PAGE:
Egg Donation

Why someone might opt for egg donation :
A patient may choose to opt for egg donation as a form of assisted reproduction for various reasons. These range from primary or premature ovarian failure to the failure of a fertility treatment like In Vitro Fertilisation (IVF), or from a natural reduction of fertility as women get older to specific diseases such as endometriosis. In fact, although egg donation plays a large role in helping women over the age of 40 to become pregnant, a quarter of The IVI Group's patients are affected by endometriosis. And it is for that reason that we are pioneering research into this chronic disease, to increase awareness and understanding of its causes and symptoms. Endometriosis causes growth of endometrial tissue outside the uterus, and it can lead to a decline in a woman's pool and quality of oocytes (therefore, her fertility and chances of conception). However, what is important here is that this diagnosis can be mitigated or alleviated, thanks to innovative assisted reproduction methods such as egg donation.

6) Surrogacy

Surrogacy is a method of assisted reproduction that helps intended parents (IPs) start families when they otherwise could not. Intended parents pursue surrogacy for several reasons and come from different backgrounds. All intended parents work with a gestational surrogate, a woman who carries a child to term.

There are two types of surrogacy arrangements: gestational surrogacy and traditional surrogacy. Circle Surrogacy only provides gestational surrogacy arrangements, which means the gestational carrier has no genetic connection to the child. Through in vitro fertilization (IVF), embryos are created in a lab (sometimes with the use of an egg donor) and are transferred into the surrogate mother's uterus. In a traditional surrogacy arrangement, a surrogate becomes pregnant with the use of her own eggs.


Who Needs a Surrogate Mother:

Medical Reasons for Surrogacy

One of the most common reasons a couple might choose to consider surrogacy is medically related. Some women have reproductive illnesses that prevent them from becoming pregnant, while others can become pregnant but can't carry full term. Women who have had illnesses that required a hysterectomy may look towards surrogacy as well.

Alternately, some couples look toward surrogacy not necessarily for reproductive reasons but to protect the health of the intended mother. Some women take medications that are life sustaining but that may harm a fetus. Stopping a medication for a pregnancy is not always a healthy or safe option.

Age Related Considerations

According to reproductivefacts.org, your chance of becoming pregnant declines with age. A 30-year old woman in good health has a 20% chance of becoming pregnant each month. A 40-year old woman has a 5% chance. A later-in-life decision to start a family may not be impossible, but it may not be healthy for a woman to carry a fetus full-term.

Same-Sex Couples

Couples in same-sex relationships can't start families without some sort of help. Women may look towards sperm donation so that one mother can carry the baby full-term, but two men will always need the help of either the surrogate or adoption process.

7) Recurrent Pregnancy Loss

Recurrent pregnancy loss is classically defined as the occurrence of three or more consecutive pregnancy loss; however, the American Society of Reproductive Medicine (ASRM) has recently redefined recurrent pregnancy loss as two or more pregnancy losses. A pregnancy loss is defined as a clinically-recognized pregnancy involuntarily ending before 20 weeks. A clinically-recognized pregnancy means that the pregnancy has been visualized on an ultrasound or that pregnancy tissue was identified after a pregnancy loss.

Recurrent Pregnancy Loss

What Causes Recurrent Pregnancy Loss:

Most pregnancy losses result from chromosomal, or genetic, abnormalities, and are random events. The abnormality may come from the egg, the sperm, or the early embryo. Approximately 12-15% of all clinically recognized pregnancies end in miscarriage; however, it is estimated that at least 30-60% of all conceptions will end within the first 12 weeks of gestation. Up to 50% of the time, the woman doesn't even realize that she was ever pregnant. The risk of miscarriage increases with the number of previous pregnancy losses, but is typically less than 50%.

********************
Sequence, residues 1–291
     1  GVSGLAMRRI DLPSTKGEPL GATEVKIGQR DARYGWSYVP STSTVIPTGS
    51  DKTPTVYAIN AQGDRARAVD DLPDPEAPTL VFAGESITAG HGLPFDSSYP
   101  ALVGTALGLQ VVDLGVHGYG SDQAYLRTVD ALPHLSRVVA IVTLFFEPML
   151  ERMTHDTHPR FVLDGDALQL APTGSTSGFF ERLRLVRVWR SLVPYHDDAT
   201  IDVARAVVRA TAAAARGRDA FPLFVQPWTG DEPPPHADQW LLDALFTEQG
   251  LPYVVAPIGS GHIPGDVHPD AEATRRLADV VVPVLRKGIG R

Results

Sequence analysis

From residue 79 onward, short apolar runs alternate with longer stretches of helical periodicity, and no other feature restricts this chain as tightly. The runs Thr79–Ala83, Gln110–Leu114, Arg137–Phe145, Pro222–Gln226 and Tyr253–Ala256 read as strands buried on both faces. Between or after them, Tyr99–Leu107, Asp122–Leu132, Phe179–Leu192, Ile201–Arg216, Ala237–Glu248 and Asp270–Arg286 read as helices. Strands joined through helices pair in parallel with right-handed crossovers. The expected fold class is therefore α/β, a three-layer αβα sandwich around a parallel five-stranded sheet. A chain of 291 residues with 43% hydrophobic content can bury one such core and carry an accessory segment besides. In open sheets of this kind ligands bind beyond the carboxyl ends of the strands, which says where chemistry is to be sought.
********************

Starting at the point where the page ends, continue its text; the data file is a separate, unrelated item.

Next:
Advancing maternal age is associated with an increased risk of miscarriage, which is thought to be due to poor egg quality leading to chromosomal (genetic) abnormalities. Sometimes, the mother or father themselves may have a slight irregularity in their genes, but the offspring could be more severely affected and thus result in miscarriage.

Sometimes, there could be an abnormality in the uterus (the womb) that leads to miscarriage. The miscarriage may be due to poor blood supply to the pregnancy or inflammation. Some women may be born with an irregularly shaped uterus, and some women may develop abnormalities with their uterus over time.

A woman's immune system may also play a role in recurrent pregnancy loss. Hormone abnormalities may also impact pregnancy loss, including thyroid disease and diabetes. Abnormalities in a mother's blood clotting may also affect pregnancy loss.

Generally speaking, environmental factors, stress, and occupational factors do not seem to be related to pregnancy loss

8) Male Infertility

Recurrent pregnancy loss is classically defined as the occurrence of three or more consecutive pregnancy loss; however, the American Society of Reproductive Medicine (ASRM) has recently redefined recurrent pregnancy loss as two or more pregnancy losses. A pregnancy loss is defined as a clinically-recognized pregnancy involuntarily ending before 20 weeks. A clinically-recognized pregnancy means that the pregnancy has been visualized on an ultrasound or that pregnancy tissue was identified after a pregnancy loss.

Male Infertility

What are the common causes of Male Infertility -

The root cause of a man's infertility may not be easy to establish. For up to 50% of men diagnosed with male factor infertility, the specific cause remains unknown. Generally, male fertility problems have to do with the quantity or quality of the sperm, though there can also be issues with ejaculation. While the reasons for these problems are often unclear, most of the treatment options remain the same whatever the underlying cause may be. Some of the more common causes include:
Pre-existing genetic conditions
Hormone disorders
Injury to the groin area
Previous surgeries, such as hernia repair or vasectomy
Previous infections, especially STDs, urinary tract infections or a severe mumps infection after puberty.
Exposure to poisonous chemicals or radiation (most common in cancer survivors.)

There are also certain lifestyle choices which may impact a man's fertility, such as wearing tight or restrictive underwear or using tobacco, alcohol, or other drugs.